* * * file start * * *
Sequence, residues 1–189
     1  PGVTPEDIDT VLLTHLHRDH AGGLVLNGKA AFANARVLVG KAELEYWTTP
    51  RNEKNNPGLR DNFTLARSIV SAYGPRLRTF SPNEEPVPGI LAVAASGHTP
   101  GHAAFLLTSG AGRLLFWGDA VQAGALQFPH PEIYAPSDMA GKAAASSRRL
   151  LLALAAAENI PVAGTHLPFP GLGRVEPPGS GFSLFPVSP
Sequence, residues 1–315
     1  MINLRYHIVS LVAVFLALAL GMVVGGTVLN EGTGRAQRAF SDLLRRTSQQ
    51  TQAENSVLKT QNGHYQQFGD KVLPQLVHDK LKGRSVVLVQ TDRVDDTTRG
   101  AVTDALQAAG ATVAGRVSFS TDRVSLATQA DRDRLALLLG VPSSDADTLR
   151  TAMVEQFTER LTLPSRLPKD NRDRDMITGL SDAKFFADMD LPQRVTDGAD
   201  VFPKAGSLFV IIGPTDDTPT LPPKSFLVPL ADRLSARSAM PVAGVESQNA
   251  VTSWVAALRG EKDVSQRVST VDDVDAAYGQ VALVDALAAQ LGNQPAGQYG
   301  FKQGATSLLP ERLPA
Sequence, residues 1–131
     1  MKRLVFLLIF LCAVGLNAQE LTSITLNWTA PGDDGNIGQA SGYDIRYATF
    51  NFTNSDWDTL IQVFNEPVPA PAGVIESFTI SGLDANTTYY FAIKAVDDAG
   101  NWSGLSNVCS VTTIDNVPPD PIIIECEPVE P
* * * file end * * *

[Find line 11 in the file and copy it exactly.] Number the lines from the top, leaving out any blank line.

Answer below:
   201  VFPKAGSLFV IIGPTDDTPT LPPKSFLVPL ADRLSARSAM PVAGVESQNA